Ruby On Rails: Manage Ruby version / upgrade / install the latest

The smart thing to do: outsource the job of installing / upgrading / getting the lastest version to RVM. Here’s the website:

To install RVM, in the command line, run:

curl -L | bash -s stable --ruby
If you just happened to install xcode (required for rvm), you may run into the following error message:
Error installing new MacPorts base: command execution failed
If that happens, you just need to finish installing xcode:
sudo xcode-select --install

There is also another error you could get in new machines:
command not found: port

To solve this, in your /etc/paths directory, enter the following at the end:
Once RVM is in place, getting the latest version of Ruby on your machine is also a breeze:
rvm get head && rvm reload
Since RVM allows you to choose which version of Ruby you want to run, it also lets you pick a gem set, which you can customize to work for that version. To do that run:
rvm use 1.9.3@devgemset --create --default
This will instruct rvm to create a get set called devgemset, and set it as the default gem set for 1.9.3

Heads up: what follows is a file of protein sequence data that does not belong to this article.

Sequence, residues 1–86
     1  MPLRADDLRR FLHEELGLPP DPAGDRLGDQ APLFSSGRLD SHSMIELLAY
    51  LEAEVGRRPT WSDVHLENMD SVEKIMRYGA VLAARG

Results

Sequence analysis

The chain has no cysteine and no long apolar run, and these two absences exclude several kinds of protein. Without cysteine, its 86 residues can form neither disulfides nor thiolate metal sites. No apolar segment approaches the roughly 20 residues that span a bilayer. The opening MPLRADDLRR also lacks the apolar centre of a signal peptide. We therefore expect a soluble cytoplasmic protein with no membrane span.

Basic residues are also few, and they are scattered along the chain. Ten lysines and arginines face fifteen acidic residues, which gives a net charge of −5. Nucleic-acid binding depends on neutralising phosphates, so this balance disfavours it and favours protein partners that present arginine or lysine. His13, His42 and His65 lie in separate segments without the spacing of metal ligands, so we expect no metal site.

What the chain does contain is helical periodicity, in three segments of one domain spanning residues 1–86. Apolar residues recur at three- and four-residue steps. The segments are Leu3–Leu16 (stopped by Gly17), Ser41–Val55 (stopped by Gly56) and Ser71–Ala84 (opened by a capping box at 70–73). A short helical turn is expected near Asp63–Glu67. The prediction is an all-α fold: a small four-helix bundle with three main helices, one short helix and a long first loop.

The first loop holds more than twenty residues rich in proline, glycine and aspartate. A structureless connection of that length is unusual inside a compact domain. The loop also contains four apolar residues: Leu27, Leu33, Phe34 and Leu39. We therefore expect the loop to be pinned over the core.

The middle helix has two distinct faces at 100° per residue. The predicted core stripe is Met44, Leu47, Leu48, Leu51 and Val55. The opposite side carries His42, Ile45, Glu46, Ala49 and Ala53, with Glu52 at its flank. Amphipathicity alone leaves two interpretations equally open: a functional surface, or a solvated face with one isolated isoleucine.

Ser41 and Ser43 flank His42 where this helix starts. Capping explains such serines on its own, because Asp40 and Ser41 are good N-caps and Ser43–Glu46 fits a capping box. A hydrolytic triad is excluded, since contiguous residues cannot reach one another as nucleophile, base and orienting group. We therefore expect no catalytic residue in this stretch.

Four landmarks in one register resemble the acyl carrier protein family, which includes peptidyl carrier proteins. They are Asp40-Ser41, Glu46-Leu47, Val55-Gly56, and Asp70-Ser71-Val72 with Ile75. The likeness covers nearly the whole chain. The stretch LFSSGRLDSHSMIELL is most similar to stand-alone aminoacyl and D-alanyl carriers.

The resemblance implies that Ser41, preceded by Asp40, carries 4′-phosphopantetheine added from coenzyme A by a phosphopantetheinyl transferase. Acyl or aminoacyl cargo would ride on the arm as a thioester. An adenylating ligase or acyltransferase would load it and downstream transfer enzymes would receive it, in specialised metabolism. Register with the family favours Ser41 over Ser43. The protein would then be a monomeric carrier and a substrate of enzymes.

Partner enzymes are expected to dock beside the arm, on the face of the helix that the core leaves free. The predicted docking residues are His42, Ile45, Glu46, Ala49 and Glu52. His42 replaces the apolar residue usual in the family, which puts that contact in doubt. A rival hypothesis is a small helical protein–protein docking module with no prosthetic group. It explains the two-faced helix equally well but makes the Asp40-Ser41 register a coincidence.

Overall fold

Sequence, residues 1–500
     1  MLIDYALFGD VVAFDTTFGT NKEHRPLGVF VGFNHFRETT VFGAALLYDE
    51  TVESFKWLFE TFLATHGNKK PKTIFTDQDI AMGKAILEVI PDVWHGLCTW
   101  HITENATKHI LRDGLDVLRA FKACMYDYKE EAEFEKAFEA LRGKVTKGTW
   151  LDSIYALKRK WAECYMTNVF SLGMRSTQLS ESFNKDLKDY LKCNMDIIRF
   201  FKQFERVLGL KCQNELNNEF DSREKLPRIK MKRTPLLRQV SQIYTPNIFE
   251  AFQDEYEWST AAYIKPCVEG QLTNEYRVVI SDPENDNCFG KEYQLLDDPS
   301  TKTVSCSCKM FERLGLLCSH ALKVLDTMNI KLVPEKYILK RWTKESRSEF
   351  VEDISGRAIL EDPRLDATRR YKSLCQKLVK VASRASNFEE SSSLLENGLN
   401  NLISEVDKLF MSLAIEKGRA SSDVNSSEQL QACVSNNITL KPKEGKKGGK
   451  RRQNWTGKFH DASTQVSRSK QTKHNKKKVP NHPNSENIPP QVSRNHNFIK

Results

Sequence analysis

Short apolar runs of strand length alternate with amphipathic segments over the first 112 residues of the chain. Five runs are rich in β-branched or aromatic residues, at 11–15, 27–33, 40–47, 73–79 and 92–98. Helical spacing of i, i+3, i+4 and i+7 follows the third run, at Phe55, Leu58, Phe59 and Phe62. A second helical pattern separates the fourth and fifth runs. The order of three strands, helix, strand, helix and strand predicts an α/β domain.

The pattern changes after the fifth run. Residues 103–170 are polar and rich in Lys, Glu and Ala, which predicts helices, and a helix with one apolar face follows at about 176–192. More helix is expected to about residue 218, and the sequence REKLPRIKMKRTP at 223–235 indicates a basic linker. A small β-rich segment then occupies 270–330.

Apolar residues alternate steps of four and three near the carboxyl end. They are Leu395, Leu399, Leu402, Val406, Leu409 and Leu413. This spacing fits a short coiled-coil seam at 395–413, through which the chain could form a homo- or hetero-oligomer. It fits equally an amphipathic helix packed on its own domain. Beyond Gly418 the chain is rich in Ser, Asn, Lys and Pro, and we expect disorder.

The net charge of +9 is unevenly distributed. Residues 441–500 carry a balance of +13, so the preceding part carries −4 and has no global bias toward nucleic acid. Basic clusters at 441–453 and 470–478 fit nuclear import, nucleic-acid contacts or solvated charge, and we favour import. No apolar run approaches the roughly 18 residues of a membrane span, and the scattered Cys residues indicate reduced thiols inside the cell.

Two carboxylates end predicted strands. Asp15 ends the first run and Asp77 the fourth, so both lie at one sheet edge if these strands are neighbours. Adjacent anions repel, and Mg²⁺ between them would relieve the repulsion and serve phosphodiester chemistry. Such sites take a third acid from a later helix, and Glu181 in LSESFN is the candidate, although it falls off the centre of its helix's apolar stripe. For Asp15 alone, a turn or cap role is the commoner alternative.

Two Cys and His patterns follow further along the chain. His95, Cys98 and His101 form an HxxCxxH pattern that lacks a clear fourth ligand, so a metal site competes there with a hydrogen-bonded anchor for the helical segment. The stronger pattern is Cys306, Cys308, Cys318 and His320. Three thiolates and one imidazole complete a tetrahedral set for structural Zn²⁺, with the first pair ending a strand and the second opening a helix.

RVM also installs RubyGems as part of its magic, so now you have an in-house gems manager under the hood. To verify RubyGems is there, run:
which gem
To install rails in your system, run:
gem install rails -v 3.2.3

javascript: when scope inside setTimeOut is giving you headaches

Sometimes you have to setTimeOut call a function, but you need to provide the current scope for the function to execute as well.

Say for example, you want to call this.myFunction()

with (this) { setTimeout( function() { myFunction() }, 1000 );}

Doing the with(this) allows you to pass “this” scope, so myFunction will get executed as this.myFunction()

There are a million things wrong with doing the above. First, myFunction will try to execute off the Global, also, with is heavy performance-wise. But it works. Use it sparingly.